[.code-highlight: 3]

module Issues
  class Badge
    include OcticonsHelper

    def html
      <<-erb
      <div class="State State--green">
        #{octicon('issue-opened')} Open
      </div>
      erb
    end
  end
end

^ let’s tell it where to find the octicon method!

^ And run our test again.


[.background-color: #d73a49] [.header: #ffffff]

[fit] Expected element matching
“.State.State–green”, found 0

^ Interesting. It can’t find the CSS we’re looking for.

^ I wonder what our component is rendering.


&lt;div class=&quot;State State--green&quot;...

^ It looks like our output is being escaped!

^ While it might be tempting to use html_safe here, that’s probably not a good idea.

^ But what if we reused the existing Rails rendering pipeline?


[.code-highlight: 12-18] [.code-highlight: 5-10]

module Issues
  class Badge
    include OcticonsHelper

    def html
      eval(
        "output_buffer = ActionView::OutputBuffer.new;" +
        ActionView::Template::Handlers::ERB.erb_implementation.new(template, trim: true).src
      )
    end

    def template
      <<-erb
      <div class="State State--green">
        #{octicon('issue-opened')} Open
      </div>
      erb
    end
  end
end

^ First, let’s move our template into a method called template.

^ S And in our html method, we’ll run our template through ActionView’s ERB template handler,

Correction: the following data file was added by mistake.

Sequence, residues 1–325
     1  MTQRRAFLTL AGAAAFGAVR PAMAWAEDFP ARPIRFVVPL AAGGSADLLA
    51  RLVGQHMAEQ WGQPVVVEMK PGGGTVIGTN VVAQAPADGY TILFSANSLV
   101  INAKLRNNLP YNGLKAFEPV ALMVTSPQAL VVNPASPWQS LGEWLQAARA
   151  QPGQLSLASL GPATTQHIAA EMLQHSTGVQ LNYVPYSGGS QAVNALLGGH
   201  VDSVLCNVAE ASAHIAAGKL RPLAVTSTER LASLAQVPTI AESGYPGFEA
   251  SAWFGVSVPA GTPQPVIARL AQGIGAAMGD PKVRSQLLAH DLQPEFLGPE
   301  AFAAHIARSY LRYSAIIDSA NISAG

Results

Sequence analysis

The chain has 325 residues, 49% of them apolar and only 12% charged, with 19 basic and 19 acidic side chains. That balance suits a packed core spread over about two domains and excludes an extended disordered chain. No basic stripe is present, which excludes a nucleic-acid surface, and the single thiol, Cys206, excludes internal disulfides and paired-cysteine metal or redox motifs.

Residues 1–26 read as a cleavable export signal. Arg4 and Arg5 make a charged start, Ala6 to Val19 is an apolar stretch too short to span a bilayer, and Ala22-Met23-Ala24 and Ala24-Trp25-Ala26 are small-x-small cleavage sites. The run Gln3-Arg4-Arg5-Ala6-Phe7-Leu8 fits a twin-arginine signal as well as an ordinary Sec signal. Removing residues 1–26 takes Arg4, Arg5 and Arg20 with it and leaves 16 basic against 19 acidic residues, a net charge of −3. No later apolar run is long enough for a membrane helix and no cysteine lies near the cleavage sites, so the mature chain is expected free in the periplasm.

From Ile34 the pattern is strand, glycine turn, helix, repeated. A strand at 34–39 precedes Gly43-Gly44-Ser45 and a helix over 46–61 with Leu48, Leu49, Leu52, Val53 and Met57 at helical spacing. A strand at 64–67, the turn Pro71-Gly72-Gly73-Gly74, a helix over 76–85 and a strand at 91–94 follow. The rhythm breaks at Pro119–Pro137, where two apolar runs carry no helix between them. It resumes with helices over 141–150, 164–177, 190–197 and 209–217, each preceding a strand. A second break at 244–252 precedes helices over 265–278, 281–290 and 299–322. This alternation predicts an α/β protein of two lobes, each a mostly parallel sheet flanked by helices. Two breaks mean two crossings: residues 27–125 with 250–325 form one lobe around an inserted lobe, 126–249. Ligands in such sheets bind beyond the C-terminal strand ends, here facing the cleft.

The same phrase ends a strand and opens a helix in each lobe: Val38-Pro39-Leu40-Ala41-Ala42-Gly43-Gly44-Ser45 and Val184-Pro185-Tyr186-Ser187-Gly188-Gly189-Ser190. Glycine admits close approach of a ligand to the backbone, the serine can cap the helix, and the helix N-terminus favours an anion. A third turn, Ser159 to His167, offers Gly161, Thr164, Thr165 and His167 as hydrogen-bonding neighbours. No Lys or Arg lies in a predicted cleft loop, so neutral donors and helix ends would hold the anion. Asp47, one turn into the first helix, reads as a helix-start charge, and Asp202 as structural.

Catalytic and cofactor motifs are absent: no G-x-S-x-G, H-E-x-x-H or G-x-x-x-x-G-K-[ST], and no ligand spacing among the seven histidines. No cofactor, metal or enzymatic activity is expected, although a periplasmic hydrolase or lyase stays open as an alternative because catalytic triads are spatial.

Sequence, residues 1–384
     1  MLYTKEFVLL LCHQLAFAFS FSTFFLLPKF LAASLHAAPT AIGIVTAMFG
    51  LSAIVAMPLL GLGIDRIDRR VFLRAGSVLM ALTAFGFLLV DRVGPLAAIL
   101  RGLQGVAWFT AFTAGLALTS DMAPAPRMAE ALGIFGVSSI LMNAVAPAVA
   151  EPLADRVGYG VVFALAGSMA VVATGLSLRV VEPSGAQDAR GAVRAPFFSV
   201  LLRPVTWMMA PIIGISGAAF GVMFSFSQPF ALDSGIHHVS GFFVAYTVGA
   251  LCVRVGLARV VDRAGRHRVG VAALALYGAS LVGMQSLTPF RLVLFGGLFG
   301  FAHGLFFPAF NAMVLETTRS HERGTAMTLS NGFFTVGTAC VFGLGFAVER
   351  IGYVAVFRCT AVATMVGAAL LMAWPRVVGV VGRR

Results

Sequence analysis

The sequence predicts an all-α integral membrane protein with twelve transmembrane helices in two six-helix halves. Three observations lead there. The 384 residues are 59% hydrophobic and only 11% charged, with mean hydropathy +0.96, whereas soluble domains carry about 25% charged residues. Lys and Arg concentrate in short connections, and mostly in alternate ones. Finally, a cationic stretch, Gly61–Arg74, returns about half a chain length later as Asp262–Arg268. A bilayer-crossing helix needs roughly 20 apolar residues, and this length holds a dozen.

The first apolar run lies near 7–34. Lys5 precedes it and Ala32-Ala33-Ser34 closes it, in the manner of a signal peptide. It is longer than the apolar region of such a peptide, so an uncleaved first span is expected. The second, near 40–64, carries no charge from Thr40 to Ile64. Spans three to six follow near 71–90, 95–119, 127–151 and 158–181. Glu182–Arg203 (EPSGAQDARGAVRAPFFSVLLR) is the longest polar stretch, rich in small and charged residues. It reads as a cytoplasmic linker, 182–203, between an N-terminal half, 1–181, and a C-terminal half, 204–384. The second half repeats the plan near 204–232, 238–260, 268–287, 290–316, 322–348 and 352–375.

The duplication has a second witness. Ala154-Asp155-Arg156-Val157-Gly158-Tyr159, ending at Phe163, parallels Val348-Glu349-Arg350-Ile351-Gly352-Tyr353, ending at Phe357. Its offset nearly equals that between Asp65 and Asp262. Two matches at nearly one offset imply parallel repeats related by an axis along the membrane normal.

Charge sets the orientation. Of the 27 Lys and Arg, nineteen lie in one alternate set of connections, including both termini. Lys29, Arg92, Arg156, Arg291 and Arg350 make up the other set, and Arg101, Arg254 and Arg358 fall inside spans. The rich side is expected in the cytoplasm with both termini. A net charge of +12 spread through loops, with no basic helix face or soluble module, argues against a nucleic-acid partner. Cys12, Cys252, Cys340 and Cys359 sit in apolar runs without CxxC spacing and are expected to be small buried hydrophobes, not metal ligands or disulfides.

^ Effectively mirroring how regular Rails templates are compiled and then executed.

^ So let’s run our tests again.


[.background-color: #28a745] [.header: #ffffff]

^ There we go!


[.code-highlight: all] [.code-highlight: 2] [.code-highlight: 6] [.code-highlight: 7] [.code-highlight: 8]

it "renders the closed issue badge" do
  create(:issue, :closed)

  get :index

  assert_select(".State.State--red")
  assert_select(".octicon-issue-closed")
  assert_includes(response.body, "Closed")
end

^ Let’s keep moving along.

^ PAUSE

^ The next test is

^ S for a closed issue.

^ S Which should have a red background,

^ S closed icon,

^ S and “closed” label

^ Let’s give it a run.


[.background-color: #d73a49] [.header: #ffffff]

[fit] Expected element matching
“.State.State–red”, found 0

^ It can’t find the red CSS class, as we haven’t handled this case yet.

^ Let’s go back to our template that renders the component.


<%= render Issues::Badge, issue: issue, pull_request: issue.pull_request %>

^ We’re already passing the issue into our component, but we aren’t doing anything with it yet. Let’s change that.


[.code-highlight: 3, 6]

class ActionView::Base
  module RenderMonkeyPatch
    def render(component, *args)